American tenor Allen Lindquest was born in Chicago in September of 1891. His parents were Swedish immigrants. In fact, the spelling of Lindquest’s name was considered rather unusual, because when his parents come through Ellis Island in the 1880’s, their name was misspelled as L-I-N-D-Q-U-E-S-T; a spelling which would never have been used in Sweden. Neither of his parents were musicians, but his Mother loved singing. She made a personal commitment to offer her child music lessons, resulting in Allen Lindquest’s study of the violin at an early age. Growing up in a musical environment allowed Lindquest the opportunity to study singing, beginning at the young age of 15. It was indeed fortunate that his first two teachers were trained in the Italian tradition. His first teacher was a Russian Bass named Barron, a student of Garcia II in London, and his second teacher was an American tenor named William Clare Hall, student of Jean de Reszke. Lindquest’s special vocal talent drew a lot of attention to the young tenor and after having been heard in a small concert production of “The Rose Garden”, he was hired at a large synagogue in Chicago making approximately $70 per month. The resulting chain of events earned Lindquest a great deal of attention from his singing and performing talent. Because of the solid technical foundation offered him by his first two teachers, Lindqest dedicated himself almost exclusively to Italian-based concepts. His voice grew into balance quickly and healthily, which was the main factor responsible for his early career.
At the age of 19, Lindquest’s talent was discovered by the well-known Italian tenor Allesandro Bonci. The year was 1910, and Lindquest was attending Northwestern University at the encouragement of his Father, who wanted his son to train in an alternate career beyond just singing. Bonci was on a concert tour of the U.S., performing at different university campuses when he discovered the beautiful young tenor voice of Allen Lindquest. One particular day, while walking by one of the campus buildings, Bonci heard Lindquest rehearsing a solo with a male chorus. He entered the rehearsal room and inquired, “Who was the tenor soloist I just overheard?” After Lindquest acknowledged his identity, Bonci then immediately invited him to audition the next morning at his hotel room. This special audition would be the seed that would launch Lindquest’s entire singing career. After the audition Bonci was silent for a moment. Then he said, “Son, you have a special voice of great beauty. But even more importantly, you have a personality that communicates deeply to the listener.” Bonci was so impressed with the 19-year-old Lindquest that he recommended him to all of his New York musical contacts, including touring companies, opera houses, and agents. Lindquest then moved to New York in order to pursue a career as a leading concert and stage tenor. This move would begin his journey toward singing professionally, touring all of the U.S. with the Minnesota Symphony, and later becoming Thomas Edison’s favorite recording tenor. I can remember that Lindquest once said, “That New York is a funny city! I would meet a singer on the street corner and he or she would ask, ‘With whom are you studying THIS week?’ If these singers had just studied with one pretty good teacher for an extended period, then they would have progressed much more quickly. Teacher shopping does not really work in the long run!”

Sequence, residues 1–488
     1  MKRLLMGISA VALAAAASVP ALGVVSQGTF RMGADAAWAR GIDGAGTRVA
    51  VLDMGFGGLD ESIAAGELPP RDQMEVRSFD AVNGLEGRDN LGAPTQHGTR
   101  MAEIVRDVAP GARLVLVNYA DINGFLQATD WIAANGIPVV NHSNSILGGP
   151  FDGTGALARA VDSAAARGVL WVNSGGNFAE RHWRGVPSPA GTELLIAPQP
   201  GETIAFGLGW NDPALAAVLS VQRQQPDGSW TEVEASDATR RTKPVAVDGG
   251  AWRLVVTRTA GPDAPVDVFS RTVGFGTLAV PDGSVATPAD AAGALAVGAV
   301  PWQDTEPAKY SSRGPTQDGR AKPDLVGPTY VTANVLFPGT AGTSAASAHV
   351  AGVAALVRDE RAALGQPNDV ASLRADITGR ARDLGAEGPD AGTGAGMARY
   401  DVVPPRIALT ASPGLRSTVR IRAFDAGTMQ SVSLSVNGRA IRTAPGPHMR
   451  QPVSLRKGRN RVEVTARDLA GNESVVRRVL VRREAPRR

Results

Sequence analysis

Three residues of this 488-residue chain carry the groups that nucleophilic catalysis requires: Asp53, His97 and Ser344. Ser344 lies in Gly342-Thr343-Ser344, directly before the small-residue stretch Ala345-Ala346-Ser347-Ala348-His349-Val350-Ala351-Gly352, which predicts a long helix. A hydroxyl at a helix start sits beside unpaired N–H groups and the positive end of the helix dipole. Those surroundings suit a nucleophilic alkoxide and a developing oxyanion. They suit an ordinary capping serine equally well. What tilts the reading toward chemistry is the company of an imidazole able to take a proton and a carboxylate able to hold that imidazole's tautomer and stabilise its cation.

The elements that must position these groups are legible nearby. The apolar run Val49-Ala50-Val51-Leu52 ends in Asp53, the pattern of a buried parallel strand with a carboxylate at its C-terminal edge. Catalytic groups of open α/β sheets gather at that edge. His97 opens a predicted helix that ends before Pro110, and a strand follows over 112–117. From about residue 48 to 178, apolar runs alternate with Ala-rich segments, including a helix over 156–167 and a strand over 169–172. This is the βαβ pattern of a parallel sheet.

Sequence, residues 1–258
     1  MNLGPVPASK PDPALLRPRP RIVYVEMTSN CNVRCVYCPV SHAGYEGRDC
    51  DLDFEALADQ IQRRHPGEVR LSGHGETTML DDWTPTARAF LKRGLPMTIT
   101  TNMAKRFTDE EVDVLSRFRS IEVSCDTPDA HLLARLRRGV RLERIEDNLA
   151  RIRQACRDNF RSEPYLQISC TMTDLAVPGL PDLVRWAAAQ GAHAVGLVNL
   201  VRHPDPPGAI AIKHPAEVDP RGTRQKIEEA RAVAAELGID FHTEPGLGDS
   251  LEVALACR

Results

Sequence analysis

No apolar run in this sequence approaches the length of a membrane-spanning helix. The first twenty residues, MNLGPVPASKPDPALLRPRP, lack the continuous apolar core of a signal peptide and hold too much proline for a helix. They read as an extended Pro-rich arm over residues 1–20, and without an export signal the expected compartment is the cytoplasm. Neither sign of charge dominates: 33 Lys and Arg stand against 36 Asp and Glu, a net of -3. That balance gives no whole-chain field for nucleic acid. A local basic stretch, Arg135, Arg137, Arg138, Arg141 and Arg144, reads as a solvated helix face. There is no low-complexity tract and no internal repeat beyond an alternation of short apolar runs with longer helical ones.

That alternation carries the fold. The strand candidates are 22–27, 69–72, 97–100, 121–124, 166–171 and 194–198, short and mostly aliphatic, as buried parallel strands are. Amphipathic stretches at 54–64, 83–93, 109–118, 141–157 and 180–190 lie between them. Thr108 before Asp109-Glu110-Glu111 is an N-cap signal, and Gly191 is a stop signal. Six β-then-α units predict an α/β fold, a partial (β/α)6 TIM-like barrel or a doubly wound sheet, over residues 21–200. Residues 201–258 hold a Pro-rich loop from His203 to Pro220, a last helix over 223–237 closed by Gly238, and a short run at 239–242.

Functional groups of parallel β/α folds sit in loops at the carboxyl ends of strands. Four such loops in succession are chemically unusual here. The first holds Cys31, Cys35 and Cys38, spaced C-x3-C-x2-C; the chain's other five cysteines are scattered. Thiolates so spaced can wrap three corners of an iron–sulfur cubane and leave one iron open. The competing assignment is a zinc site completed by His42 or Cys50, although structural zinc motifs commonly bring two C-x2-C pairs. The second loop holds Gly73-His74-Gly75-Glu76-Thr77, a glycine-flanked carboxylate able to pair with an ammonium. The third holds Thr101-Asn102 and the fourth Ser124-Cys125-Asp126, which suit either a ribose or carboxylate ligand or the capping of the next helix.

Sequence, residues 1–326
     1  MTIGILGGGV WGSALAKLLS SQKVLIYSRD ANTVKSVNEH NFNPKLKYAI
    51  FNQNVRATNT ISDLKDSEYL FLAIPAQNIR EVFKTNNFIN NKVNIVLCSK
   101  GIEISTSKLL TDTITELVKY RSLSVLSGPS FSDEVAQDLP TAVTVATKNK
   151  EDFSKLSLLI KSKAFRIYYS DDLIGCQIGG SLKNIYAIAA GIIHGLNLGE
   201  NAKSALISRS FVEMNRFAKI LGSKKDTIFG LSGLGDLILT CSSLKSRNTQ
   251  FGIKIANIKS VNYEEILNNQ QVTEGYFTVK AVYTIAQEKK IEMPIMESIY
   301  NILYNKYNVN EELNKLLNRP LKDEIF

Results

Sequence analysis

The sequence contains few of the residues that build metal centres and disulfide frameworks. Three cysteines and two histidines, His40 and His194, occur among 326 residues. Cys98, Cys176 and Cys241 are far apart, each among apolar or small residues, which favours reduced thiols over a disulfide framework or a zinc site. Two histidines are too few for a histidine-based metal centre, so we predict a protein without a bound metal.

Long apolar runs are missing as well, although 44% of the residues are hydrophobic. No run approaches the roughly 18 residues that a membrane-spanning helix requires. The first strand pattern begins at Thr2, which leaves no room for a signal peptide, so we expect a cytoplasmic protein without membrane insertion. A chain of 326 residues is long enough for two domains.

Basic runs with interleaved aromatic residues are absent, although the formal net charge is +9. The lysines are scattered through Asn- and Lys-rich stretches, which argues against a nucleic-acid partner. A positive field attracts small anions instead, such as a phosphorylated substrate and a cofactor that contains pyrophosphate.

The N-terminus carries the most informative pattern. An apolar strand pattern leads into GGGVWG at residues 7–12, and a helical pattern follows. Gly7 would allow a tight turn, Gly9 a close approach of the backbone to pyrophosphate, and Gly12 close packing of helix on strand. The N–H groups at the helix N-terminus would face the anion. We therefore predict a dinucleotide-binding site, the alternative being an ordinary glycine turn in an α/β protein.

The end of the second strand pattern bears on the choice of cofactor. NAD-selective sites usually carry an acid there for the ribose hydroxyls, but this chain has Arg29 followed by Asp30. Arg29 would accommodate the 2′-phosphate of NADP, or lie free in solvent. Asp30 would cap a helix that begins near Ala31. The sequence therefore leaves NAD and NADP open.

Lindquest certainly became known in New York as a leading stage tenor, moving in the musical circles of operatic stages, concert halls, Vaudeville and musical theater, later starring in a musical called “White Lilacs”, a musical based on the romance between George Sands and Chopin. Produced by the Schubert family, it was Lindquest’s opportunity to shine in this particular leading tenor role.
An Afternoon with Enrico Caruso
One of the most critically important events that helped Lindquest’s singing career was meeting working with the great Italian tenor Enrico Caruso. It was early March of 1914 and Lindquest was offered the opportunity to audition for the Victor Company to record Swedish fold songs, even though he was under contract to the Edison Company. His standard salary per recording during this time was $200, considered a large sum for the time. Lindquest told his story of meeting Caruso one day after one of my voice lessons.